Not enough dominance? They became the first team since the 1995-96 Pittsburgh Penguins to feature three 40-goal scorers in the same season (Nikita Kucherov, Steven Stamkos, Brayden Point).

5. Chandler Stephenson‘s historically clean season: The Capitals forward appeared in 64 games this season and did not take a single penalty, the only player in the league to play at least 60 games and not spend one minute in the penalty box. He is one of just 16 players in NHL history to play at least 60 games in a season and not take a penalty, and the first since Butch Goring during the 1980-81 season.

Dallas’ Valeri Nichushkin was close to joining him, going 57 games without a penalty (or a goal!).

6. Aleksander Barkov‘s penalty dominance. We know Barkov is one of the game’s best players thanks to his combination of shutdown defense and now dominant offense, but he is consistently one of the league’s most valuable players in terms of giving his team’s a special teams advantage. Barkov drew 35 penalties this season while only being called for, a penalty differential of plus-31, the best in the league.

Other players that excelled in this area include Vancouver’s Elias Pettersson (plus-28), Carolina’s Warren Foegele (plus-22), and New Jersey’s Nico Hischier (plus-19).

7. The Islanders succeeded in going worst to first. No team in the NHL gave up more goals than the New York Islanders during the 2017-18 season, and no team gave up fewer goals during the 2018-19 season. They improved their goals against number by 102 goals in one season. That is more than stunning, it is completely insane. Read more here on how they did it.

8. Fighting is still rapidly going away. Anyone that is paying attention to the evolution of the NHL game knows that fighting is quickly disappearing from the sport, but you might be shocked as to just how much it is going away. There was not one player in the NHL this season that dropped the gloves more than six times (there were 10). Only three teams (Boston, New York Rangers, Ottawa) had more than 20 fights for the entire season.

9. Drew Doughty‘s ugly season. From the moment he arrived in the NHL Doughty has been one of the NHL’s best defensive players. Between 2008-09 and 2017-18 there were only eight defenders in the NHL that had a better plus-minus than his plus-93. Say what you want about plus-minus (I know the flaws), but anyone that can play nearly a decade and be that far on the plus side in goals is probably pretty solid. This season? He finished as a minus-34, the second worst mark in the entire league, ahead of only Buffalo Sabres defenseman Rasmus Ristolainen. A lot of that is due to playing the most minutes on a lousy team whose starting goalie had a terrible year, but it is still unheard of to see Doughty that far down the list.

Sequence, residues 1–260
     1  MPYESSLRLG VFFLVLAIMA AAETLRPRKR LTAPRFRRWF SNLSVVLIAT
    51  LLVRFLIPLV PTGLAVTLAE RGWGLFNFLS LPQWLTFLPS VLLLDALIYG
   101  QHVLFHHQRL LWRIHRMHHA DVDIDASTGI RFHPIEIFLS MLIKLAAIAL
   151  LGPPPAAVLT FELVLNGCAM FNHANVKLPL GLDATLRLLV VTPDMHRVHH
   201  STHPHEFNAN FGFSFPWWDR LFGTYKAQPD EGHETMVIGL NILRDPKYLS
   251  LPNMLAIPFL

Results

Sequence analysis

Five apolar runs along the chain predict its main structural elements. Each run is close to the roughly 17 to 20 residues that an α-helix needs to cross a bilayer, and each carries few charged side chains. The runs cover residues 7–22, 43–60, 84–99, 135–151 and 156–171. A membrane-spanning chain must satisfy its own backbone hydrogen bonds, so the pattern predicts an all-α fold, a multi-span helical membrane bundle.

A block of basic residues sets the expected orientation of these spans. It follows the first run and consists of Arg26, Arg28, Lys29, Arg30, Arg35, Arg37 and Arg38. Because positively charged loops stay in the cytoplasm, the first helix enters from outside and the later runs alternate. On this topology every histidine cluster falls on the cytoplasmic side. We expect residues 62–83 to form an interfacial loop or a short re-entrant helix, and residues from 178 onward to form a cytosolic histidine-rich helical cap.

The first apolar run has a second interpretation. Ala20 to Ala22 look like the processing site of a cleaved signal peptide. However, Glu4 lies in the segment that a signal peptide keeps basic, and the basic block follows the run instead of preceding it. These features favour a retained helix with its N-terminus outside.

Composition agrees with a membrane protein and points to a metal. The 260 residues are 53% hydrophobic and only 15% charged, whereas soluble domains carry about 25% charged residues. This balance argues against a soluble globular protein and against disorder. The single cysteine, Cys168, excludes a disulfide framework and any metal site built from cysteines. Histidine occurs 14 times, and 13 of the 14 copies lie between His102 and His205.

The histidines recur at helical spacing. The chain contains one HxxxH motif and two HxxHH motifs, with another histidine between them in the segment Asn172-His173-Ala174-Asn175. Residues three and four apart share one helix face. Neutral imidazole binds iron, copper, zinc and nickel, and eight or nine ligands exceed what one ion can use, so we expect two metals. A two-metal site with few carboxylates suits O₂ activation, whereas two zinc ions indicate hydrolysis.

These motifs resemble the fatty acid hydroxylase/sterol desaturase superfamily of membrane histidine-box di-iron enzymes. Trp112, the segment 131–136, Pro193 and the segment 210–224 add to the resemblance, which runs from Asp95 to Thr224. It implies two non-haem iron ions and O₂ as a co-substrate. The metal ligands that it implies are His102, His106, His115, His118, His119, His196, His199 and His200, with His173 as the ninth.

10. A stunning shootout stat. There were four teams that did not win a game in a shootout this season (the Toronto Maple Leafs, Calgary Flames, San Jose Sharks, and Ottawa Senators). Before this season there were only five teams in the entire shootout era that went a full season without a shootout win, and two of them came during the lockout shortened 2012-13 season. You can probably credit 3-on-3 overtime for that stat.

The Maple Leafs were only involved in two shootouts total this season, and both of them came in the final two weeks of the regular season.

Adam Gretz is a writer for Pro Hockey Talk on NBC Sports. Drop him a line at phtblog@nbcsports.com or follow him on Twitter @AGretz.

Another coach is out as Kings dismiss Desjardins

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In the least surprising (but still kind of grim) coaching news of the day, the Willie Desjardins era is over for the Los Angeles Kings.

Desjardins, 62, went 27-34-8 as interim head coach of the Kings, taking over after Los Angeles fired John Stevens. It was a dismal time for all involved, particularly Ilya Kovalchuk, who clashed with the ‘stached head coach in a fairly public way.

The Kings’ release tops other teams wording of “relieving” coaches of duties by “thanking” Desjardins for his time as interim head coach. How nice.

“Today we thanked Willie Desjardins for his effort and dedication while serving as our interim head coach,” GM Rob Blake said via the team release. “We wish Willie and his family nothing but the best going forward. The process for hiring our next head coach is underway and we look forward to conducting a thorough search for the right person to lead our team.”

If you ever want an example of how quickly things can change in the NHL, consider this:

  • In 2014, Desjardins rejected an offer to coach the Pittsburgh Penguins, instead choosing the Vancouver Canucks.
  • Since then, the Penguins won two Stanley Cups. Desjardins coached two different teams over four seasons, never making the postseason.

Or, in picture form, from:

Los Angeles Kings interim coach Willie Desjardins reacts to a question from reporters after his first practice with his new team on Monday, Nov. 5, 2018, in Los Angeles. Desjardins is taking over for the fired John Stevens with hopes of improving the Kings' NHL-worst start to the season. (AP Photo/Greg Beacham)
via AP

to:

via Getty

Life comes at you fast; hockey comes at you even faster.

In a way, it almost feels like the Kings’ stock as a viable contender has plummeted along with Desjardins’ as a coach. With the Panthers and Sabres also among those looking for a new coach, the Kings face a challenge in identifying their next head coach. Granted, the Kings face arguably a different set of questions, as they must weigh their aging, expensive roster (Anze Kopitar is 31 and Drew Doughty is 29, and they’ll cost $21 million combined starting next season) with the possibility that they might need to do at least a minor rebuild.

It’s not looking like a straightforward, easy situation, but either way, it was abundantly clear that Desjardins wasn’t the solution, either.